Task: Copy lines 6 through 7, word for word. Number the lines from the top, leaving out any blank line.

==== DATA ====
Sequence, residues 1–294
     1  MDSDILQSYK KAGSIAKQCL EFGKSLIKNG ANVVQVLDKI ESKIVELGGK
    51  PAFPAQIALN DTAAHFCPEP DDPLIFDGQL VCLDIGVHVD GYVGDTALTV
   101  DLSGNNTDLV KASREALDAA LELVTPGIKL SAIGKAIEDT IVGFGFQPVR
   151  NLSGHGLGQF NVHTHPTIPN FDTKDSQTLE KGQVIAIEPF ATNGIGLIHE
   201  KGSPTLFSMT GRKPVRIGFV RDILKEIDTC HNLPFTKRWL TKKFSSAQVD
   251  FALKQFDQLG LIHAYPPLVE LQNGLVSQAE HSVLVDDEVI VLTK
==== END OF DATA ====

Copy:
   201  KGSPTLFSMT GRKPVRIGFV RDILKEIDTC HNLPFTKRWL TKKFSSAQVD
   251  FALKQFDQLG LIHAYPPLVE LQNGLVSQAE HSVLVDDEVI VLTK